Feat No 1: Bilingual Maggie… and how it worked

On March 15, 2005 Maggie was born. Not just my first child, but my very first full-time student.

During my seventeen years of teaching, I have been fully or partially responsible for teaching English as a foreign language to over 2,500 students – from 2 years of age to their parents’ age.
Therefore, bilingualism should not have been such a stressful issue for me. Up until then, I could teach English to any age and any level with great joy, but great confidence as well. And I was honoured by being considered a role model in many cases by several young students who have made us very proud upon becoming adults. I will take this opportunity to thank each and every child and teenager that made our lives so special. We thank you!

What was different in this case was the fact that I was going to be a Parent And Language Teacher all at the same time. I was worried that it would be too great a challenge to deal with properly. The book that I studied intensely and provided me with the professional and experienced guidance needed for such a productive task, is Growing up with two languages, written by Una Cunningham-Andersson and Staffan Andersson. Both professional teachers and with four children of their own. And in this, I trusted.

So we raised bilingual Maggie based on this book and our humble instincts. And it worked perfectly. After several and severe readings and revisions, choosing the ways that best suit our personalities and our family, adjusting and adapting these tips to our family environment, Maggie had none of the problems I feared or guessed she would have.

We chose the One person, One language Method. I spoke to her in English and my husband, Thomas, spoke to her in Greek. We remained consistent to this plan from day one. Our families, too, being very cooperative, became part of this consistency plan. My sister, Vicky, spoke to her in English and my younger sister, Christine, in Greek. My father became the English-speaking Grandpa and my mother, the Greek-speaking giagia (1). My husband’s family enthusiastically became part of the Big Plan, too. His father was the Greek-speaking pappou (2) and as for Thomas’ sisters…his eldest sister, being an English Language teacher herself, spoke to her naturally in English and his younger sister, Caroline, in Greek. We were very lucky to have such a supportive team on our side. We were very lucky to have family members who trusted in our choices of raising Maggie. That played an extremely important and decisive role, too.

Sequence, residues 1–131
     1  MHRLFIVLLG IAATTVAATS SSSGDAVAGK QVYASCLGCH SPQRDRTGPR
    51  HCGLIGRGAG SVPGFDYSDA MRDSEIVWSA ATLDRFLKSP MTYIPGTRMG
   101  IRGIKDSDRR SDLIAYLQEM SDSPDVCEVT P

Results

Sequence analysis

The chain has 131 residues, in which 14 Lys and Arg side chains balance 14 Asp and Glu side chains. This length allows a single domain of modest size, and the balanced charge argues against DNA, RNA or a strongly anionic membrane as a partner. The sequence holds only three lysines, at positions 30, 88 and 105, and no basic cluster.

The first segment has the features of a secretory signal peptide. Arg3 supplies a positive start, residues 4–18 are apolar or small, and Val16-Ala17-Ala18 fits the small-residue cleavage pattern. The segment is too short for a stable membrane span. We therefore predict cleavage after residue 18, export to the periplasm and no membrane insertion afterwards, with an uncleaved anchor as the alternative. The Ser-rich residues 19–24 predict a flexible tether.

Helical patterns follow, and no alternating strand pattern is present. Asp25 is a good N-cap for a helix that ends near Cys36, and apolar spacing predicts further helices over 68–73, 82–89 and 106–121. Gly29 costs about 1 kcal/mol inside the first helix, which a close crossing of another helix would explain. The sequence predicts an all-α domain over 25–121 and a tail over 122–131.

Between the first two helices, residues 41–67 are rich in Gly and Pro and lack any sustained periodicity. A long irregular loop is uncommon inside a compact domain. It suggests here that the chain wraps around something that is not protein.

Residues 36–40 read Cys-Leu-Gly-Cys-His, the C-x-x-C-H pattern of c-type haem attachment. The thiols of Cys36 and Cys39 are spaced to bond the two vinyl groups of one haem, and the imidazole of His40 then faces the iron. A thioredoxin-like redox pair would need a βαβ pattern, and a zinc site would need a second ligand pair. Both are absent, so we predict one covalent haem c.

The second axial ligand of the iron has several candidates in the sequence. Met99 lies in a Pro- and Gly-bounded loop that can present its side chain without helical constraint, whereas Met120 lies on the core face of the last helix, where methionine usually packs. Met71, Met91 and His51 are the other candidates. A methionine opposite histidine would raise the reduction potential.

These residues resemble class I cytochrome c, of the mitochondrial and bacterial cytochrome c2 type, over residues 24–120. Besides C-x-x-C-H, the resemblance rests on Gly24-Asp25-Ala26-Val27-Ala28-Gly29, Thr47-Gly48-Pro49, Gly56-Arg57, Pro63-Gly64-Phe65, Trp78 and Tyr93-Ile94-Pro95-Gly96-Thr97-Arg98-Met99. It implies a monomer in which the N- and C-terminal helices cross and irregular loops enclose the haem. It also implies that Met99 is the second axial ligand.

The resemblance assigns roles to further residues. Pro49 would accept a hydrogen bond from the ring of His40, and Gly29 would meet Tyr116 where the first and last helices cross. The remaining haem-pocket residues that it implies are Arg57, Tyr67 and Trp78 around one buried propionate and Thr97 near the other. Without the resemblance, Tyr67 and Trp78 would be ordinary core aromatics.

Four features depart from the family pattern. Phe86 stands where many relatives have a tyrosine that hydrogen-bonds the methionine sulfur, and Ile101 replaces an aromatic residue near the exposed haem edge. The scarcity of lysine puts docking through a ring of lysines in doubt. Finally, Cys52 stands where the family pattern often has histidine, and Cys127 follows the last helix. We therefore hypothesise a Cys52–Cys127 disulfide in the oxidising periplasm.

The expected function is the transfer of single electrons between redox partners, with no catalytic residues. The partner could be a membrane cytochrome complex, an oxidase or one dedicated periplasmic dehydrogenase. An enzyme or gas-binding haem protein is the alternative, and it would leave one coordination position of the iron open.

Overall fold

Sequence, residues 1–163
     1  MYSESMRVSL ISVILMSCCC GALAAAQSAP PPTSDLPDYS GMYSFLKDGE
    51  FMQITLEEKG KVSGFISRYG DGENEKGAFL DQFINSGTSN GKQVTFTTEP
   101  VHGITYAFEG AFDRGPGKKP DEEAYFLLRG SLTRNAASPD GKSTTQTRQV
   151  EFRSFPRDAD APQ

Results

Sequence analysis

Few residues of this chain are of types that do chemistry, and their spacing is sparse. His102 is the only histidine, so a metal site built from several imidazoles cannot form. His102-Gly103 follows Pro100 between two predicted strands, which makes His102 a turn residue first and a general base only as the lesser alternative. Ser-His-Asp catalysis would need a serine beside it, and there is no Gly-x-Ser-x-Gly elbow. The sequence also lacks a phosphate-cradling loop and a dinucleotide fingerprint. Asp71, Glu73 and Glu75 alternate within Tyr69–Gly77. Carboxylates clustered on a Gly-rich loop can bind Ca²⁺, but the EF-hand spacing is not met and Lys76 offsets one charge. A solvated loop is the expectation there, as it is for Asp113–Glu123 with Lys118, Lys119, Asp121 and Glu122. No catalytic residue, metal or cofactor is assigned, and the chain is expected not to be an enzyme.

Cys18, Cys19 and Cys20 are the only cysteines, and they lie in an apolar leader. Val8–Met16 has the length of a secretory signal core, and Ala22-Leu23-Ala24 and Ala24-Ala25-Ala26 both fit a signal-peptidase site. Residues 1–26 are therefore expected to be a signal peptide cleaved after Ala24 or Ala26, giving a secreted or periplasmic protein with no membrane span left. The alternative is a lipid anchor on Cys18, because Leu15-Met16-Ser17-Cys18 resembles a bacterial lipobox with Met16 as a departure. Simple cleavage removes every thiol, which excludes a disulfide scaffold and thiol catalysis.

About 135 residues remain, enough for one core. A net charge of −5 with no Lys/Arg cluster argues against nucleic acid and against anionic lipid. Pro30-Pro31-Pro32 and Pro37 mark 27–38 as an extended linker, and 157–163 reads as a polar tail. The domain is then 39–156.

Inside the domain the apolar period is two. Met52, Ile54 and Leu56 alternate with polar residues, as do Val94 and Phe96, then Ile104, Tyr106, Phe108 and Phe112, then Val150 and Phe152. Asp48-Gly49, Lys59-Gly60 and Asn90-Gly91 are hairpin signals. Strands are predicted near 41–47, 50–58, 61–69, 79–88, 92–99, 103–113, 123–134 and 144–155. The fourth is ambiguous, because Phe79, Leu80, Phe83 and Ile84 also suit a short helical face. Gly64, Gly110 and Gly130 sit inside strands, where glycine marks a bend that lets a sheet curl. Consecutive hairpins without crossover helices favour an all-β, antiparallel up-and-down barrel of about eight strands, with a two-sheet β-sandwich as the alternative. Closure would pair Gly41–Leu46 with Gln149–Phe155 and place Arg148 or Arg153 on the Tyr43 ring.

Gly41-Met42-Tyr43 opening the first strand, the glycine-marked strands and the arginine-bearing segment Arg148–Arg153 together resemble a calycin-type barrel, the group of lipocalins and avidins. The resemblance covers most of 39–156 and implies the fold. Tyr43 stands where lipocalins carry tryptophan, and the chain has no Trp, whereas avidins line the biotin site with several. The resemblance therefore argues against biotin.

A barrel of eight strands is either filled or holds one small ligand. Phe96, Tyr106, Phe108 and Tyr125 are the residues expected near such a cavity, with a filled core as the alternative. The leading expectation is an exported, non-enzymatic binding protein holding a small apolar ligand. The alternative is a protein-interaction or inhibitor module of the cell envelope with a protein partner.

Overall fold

Beyond the speaking, there are other skills in language learning that needed to be treated in the same consistent manner.
*Our library became as rich in English books as it is in Greek books.
*Our collections of CDs with songs and stories are fairly divided language-wise.
*Her Teachers/Babysitters, Jahnavi and Elpida were each responsible for one language and we are very grateful to them both for being with Maggie in her early years. While mom was just next door having lessons with her own students in English, Maggie was in The Loras English Academy playroom, playing and learning in each teacher’s native language.
* My opinion of television is quite conservative and to some extent, strict. I really do not trust what might come up next on the screen. That is why we usually have two time zones during the day of extremely carefully chosen children’s channels and educational DVDs. And what scheme did we have to follow for this? English Day, to watch English language programmes and Greek Day, for the second language entertainment; these days alternating one after the other.

Consistently. Year after year. So productively. So smoothly.

Even the small issues that might come up and stress a parent… I had been prepared for by this excellent book.
When Maggie was 2, she was not saying as much as her monolingual (in Greek) peers. The other children were talking to us in paragraphs and Maggie was just saying words and short phrases. And patiently we waited and at the age of about 3, she not only spoke eloquently in both languages but knew in which language she was spoken to and answered in that same language. With beautiful expressions and even special vocabulary, Maggie just progressed and progressed.

Another issue I was warned about through this treasure of a book was that we parents should not feel embarrassed using the language our role requires. We were living in Ioannina, Greece at the time and I had to speak to Maggie in English wherever we were, whomever we were with. Even if I was considered a snob, or a show-off or a real piece of work for our society, I remained loyal to this role.
PLAYTIME with the word CHILD: Sticks and stones may break my bones but names will never hurt me, we used to say when we were children. So there was no way I was going to be childish and shy about the way I was raising my child, because of other people’s childish behaviour towards us. My child is more important than that.